It feels so nice, now that the book is done, and we await copy editing and all the other fun stuff that comes with putting a book out into the world, for Gidon and I to get back to our adventures. There are still so many parts of Israel and so many aspects that I am not familiar with.
This past weekend, Gidon and I went to visit Nir Banim, 32 kilometers (19 miles) northeast of Gaza. It is early spring in Israel and it's still been raining on and off. The ground was still a bit muddy but the fields were bright green.
Nir Banim was founded in 1954 and is part of the Be'er Tuvia Regional Council, which is one of Israel's 54 regional councils. Being that Israel is too small to have "states" or "provinces", there are regional councils, municipalities, and local councils. Nir Banim has about 731 residents and is a moshav (cooperative agricultural community). As we strolled around the farm, we saw olive, plum, peach and almond trees, but the most famous crop there is the artichokes.
Gidon lived and breathed agriculture, animal husbandry, and farming for many years of his life and being on a farm is rejuvenating. You can take the farmer off the farm but you can't take the farm out of the farmer. I must admit that being around so much greenery and quiet, just hearing the wind in the branches of the olive trees was relaxing to me too.
As a Californian, I always grew up eating artichokes, so to me, they are delicious, but not exotic. On our tour, Gidon and I learned that artichokes were and are a common food for Sephardic Jews but they were new to the Ashkenazi's from Europe.
I had to ask - how come, in California, artichokes are available year-round but in Israel, they are, like many other fruits and vegetables, only available seasonally?
Our guide, Noam, of Noam's Artichokes, explained that actually, artichokes require a particular environment and season to grow and that the reason that we have not just artichokes but so many fruits and vegetables all year long in the United States is that large food corporations have their farms all over the place and ship the food to us over long distances. Duh. I hadn't thought about that but it makes sense.
The source of our artichokes in California is Castroville, near Monterey, which is nicknamed "The Artichoke Capital of the World". Turns out that Ocean Mist Farms, a large food corporation owns the artichoke land in Castroville, but also farms their artichokes (and many other vegetables) in Mexico and in Oregon - thus they are available year-round. Castroville is also the home of the California Artichoke Festival and crowned its first Artichoke Queen, Mrs. Sally DeSante Hebert, in 1961.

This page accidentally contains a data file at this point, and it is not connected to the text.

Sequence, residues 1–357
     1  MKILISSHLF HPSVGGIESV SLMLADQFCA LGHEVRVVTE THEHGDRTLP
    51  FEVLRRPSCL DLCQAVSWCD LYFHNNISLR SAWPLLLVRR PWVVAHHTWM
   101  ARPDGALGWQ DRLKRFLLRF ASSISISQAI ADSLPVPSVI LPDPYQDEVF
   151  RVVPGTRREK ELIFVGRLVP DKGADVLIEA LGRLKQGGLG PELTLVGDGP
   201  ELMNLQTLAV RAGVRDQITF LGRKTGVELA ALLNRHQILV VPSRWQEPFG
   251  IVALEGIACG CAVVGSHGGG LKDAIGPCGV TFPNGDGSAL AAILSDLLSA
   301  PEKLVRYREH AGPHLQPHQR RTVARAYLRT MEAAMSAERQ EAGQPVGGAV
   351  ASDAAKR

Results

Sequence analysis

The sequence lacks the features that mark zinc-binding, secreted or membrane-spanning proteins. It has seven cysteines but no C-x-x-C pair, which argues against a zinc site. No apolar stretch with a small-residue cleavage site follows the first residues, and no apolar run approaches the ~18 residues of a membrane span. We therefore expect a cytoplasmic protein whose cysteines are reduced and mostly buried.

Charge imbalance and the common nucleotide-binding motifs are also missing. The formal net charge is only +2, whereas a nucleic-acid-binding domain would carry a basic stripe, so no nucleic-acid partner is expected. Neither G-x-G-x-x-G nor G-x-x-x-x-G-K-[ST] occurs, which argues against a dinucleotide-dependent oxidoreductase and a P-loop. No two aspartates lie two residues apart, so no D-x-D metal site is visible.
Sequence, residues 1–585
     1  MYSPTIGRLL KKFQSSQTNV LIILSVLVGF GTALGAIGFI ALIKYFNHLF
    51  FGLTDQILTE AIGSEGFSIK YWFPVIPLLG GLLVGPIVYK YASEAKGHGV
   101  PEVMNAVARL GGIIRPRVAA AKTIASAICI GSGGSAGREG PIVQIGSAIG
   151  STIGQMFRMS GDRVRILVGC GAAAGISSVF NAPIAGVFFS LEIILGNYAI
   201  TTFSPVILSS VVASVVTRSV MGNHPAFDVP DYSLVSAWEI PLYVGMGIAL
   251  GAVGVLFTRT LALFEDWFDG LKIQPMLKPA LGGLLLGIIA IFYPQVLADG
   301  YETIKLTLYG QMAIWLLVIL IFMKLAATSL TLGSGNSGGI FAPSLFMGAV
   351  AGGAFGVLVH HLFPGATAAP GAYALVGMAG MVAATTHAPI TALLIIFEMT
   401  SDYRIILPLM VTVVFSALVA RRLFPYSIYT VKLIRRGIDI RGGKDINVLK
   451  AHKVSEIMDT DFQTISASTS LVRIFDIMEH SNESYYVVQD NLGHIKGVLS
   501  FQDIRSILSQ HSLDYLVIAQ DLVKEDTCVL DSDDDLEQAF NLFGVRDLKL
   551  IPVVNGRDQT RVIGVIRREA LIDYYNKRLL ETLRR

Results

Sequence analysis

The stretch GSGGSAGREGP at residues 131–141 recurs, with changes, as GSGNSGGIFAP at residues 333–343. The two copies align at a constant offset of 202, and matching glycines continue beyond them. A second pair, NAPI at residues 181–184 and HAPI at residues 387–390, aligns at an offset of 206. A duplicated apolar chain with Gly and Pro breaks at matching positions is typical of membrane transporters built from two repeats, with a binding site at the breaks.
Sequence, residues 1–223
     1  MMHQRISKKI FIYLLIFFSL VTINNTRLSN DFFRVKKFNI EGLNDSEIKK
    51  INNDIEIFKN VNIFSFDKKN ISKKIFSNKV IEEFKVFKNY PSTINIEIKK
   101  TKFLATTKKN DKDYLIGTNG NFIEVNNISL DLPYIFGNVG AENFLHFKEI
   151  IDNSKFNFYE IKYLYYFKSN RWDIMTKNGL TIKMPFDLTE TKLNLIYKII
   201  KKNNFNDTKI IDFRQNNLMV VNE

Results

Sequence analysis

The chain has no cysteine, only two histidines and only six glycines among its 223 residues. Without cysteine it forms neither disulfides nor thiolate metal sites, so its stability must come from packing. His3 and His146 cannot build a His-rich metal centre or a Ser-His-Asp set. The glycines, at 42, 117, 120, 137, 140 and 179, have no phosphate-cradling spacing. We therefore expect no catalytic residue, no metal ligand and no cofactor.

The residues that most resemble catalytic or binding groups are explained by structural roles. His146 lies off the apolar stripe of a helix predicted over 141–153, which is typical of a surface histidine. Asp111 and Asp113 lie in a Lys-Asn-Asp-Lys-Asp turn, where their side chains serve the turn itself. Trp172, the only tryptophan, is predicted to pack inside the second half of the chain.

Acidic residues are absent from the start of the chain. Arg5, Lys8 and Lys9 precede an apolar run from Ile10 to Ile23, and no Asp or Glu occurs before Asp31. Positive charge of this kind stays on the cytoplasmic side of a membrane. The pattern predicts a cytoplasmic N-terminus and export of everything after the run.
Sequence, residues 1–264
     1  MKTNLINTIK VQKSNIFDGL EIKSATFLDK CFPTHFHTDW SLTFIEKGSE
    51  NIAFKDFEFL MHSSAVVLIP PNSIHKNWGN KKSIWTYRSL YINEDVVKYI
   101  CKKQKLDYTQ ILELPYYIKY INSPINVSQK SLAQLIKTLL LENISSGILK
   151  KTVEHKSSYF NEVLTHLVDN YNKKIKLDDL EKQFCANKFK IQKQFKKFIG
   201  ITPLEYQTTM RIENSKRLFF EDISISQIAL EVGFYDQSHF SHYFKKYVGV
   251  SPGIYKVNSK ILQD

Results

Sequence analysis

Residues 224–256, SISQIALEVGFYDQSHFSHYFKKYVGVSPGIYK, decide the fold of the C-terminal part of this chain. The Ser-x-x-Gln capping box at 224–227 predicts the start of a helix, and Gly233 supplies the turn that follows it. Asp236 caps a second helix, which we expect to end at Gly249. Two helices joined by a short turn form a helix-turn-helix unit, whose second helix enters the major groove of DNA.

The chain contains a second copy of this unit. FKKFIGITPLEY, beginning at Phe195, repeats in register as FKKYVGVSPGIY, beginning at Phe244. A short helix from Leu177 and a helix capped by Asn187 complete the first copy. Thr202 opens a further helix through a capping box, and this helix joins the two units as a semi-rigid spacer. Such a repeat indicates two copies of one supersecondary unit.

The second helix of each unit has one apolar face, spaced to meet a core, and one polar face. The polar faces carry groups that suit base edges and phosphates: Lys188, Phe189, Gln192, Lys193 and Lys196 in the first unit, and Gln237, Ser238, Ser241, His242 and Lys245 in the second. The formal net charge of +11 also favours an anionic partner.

Sometimes I get a little disappointed that I can only find artichokes, brussel sprouts or limes in Israel but once a year, when they are in season. But on the other hand, when a fruit or veg is fresh, in season and grown locally, everybody benefits, including the environment. It feels good to support farming in Israel and to anticipate whatever is coming into season next.
Gidon and I head to the Shuk Har Carmel in Tel Aviv monthly, and fill our cart with the freshest fruit and produce - not to mention fish and cheese! - that we can find. Recently, I got a copy of Adeena Sussman's Sababa: Fresh, Sunny Flavors From My Israeli Kitchen and let me tell you, my copy is already beaten up from wear! It's one of my favorite cookbooks ever, and I include the Silver Palate on that list.
There is an old saying about Jewish holidays: "They tried to kill us, they lost, now we eat." Food is a priority in Israel, so it seems to me. The planning, shopping, cooking, serving and discussion of food is a national obsession. Don't even get me started about the hummus wars. I am lucky to have a close friend, Ruth Yudekovitz, who is the hostess and cook extraordinaire, behind Shuk and Cook, which is the amazing experience of exploring the Machane Yehuda Shuk in Jerusalem, choosing fresh ingredients and then returning to Ruth's home in Abu Tor and enjoying the haul with wine and in good company. Ruth books her groups months out.
Before we left, Gidon and I bought a box of artichokes; green and heavy with the meat. We returned home, our shoes covered with mud and with the fragrance of the cilantro greenhouse still surrounding us. Next, we plan to go to a moshav not too far from Nir Banim, Bitzaron, where, we hear, they farm and raise, among other things - buffalo that were flown in from Italy. Buffalo mozzarella, here we come!